High Gas Prices Hit Low-Income Consumers
By George Anderson
High prices for home heating and gasoline were particularly hard on low-income consumers this winter, so projections that the price they will have to pay at the pump this summer will surpass last year’s record highs (even without hurricanes factored in) is just worse news piled on top of bad.
According to the federal Energy Information Administration, the average price for a gallon of gas had jumped to $2.68. With summer quickly approaching and domestic and worldwide demand for fuel going up, predictions are that gas will set new record highs at the pump.
Retailers, especially those catering to consumers on the lower rungs of the economic ladder, expect high energy prices to have a negative effect on their top line sales.
Kiley Rawlins, divisional vice president with Family Dollar said, “Generally, our customers live paycheck-to-paycheck, and if they spend $5 or $10 more at the pump, that’s $5 or $10 less that they have to spend.”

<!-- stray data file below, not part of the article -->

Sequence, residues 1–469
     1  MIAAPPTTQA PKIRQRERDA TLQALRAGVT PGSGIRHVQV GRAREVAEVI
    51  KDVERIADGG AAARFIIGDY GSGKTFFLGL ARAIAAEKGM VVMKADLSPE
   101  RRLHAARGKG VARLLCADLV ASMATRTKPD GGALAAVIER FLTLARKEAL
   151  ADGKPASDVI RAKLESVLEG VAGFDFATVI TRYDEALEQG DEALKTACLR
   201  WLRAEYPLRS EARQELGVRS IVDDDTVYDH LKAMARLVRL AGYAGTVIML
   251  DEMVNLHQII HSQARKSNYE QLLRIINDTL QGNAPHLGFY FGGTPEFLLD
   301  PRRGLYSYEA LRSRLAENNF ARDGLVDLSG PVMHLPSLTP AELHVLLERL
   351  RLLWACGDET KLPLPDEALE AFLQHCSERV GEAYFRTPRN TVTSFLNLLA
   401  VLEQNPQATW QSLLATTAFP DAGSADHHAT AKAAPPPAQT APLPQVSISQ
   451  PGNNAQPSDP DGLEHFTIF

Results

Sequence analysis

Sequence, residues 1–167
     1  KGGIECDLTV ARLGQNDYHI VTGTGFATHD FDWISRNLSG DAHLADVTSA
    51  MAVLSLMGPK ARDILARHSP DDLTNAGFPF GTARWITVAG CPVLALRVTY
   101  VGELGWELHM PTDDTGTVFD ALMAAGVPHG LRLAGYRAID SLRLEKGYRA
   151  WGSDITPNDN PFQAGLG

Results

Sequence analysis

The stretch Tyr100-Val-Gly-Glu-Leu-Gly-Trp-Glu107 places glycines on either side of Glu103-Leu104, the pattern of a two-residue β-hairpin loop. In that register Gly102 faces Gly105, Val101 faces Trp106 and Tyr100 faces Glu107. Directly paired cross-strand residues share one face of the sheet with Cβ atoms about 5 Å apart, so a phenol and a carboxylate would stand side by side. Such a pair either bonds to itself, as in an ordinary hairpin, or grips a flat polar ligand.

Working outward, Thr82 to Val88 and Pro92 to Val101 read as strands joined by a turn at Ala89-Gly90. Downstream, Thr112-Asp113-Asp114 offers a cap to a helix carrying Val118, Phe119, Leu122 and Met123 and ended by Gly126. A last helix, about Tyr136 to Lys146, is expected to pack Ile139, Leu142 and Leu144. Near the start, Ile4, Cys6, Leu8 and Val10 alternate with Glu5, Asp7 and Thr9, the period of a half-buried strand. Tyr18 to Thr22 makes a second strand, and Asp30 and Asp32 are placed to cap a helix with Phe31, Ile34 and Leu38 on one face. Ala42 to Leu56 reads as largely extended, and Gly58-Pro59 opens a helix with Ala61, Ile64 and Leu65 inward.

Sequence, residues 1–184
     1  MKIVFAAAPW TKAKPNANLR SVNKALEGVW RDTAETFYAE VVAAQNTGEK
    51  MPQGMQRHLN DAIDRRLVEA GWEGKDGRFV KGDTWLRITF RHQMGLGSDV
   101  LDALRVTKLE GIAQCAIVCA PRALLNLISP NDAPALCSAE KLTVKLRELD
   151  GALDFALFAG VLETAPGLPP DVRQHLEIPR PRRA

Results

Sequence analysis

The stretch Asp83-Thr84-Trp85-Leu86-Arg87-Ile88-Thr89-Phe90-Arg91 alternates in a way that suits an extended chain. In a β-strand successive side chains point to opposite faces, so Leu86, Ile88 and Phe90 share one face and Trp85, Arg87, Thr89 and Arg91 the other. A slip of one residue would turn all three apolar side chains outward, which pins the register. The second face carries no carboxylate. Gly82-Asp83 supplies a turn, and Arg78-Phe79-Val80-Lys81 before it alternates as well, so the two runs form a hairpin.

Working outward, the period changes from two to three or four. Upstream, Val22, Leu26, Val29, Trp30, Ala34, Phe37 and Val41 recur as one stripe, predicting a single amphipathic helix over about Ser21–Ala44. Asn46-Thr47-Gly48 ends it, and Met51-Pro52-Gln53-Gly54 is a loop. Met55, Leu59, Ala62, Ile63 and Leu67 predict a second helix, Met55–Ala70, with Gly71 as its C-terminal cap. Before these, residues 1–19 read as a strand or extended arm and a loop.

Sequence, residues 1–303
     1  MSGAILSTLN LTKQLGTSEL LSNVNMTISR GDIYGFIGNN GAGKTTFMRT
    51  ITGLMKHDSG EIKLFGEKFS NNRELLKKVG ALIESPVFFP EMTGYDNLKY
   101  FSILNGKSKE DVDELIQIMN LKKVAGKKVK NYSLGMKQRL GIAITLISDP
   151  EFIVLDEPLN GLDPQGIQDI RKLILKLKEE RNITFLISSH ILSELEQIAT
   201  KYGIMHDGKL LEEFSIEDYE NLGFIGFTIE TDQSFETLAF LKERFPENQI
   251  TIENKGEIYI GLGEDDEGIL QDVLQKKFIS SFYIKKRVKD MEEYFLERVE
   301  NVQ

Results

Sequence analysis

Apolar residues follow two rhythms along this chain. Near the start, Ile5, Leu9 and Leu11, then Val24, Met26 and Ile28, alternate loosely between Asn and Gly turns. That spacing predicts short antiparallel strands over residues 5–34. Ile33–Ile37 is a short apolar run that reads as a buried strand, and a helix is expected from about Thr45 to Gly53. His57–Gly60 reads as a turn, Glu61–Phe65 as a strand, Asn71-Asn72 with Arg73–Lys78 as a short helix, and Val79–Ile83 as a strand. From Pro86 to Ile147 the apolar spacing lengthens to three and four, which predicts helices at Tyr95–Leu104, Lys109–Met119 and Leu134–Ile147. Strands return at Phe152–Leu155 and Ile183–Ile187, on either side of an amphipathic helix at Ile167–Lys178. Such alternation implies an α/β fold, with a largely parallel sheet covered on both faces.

Dollar stores and other discounters have taken steps to capture a greater share of expenditures.
Family Dollar and others, for example, noting that low-income consumers may make less frequent trips to the store when fuel prices go up have been adding food coolers to provide for more of the shoppers’ needs.
Even stores catering to more affluent consumers are not immune to the negative effects of rising energy prices.
Costco, for example, is reported to frequently refuel the gas stations it operates at its club sites. The result, reports the Herald News Daily, is the chain is more likely to experience more frequent price changes than the typical gas station business.
Moderator’s Comment: What impact do you expect rising energy prices to have on retail activity this summer? –
George Anderson – Moderator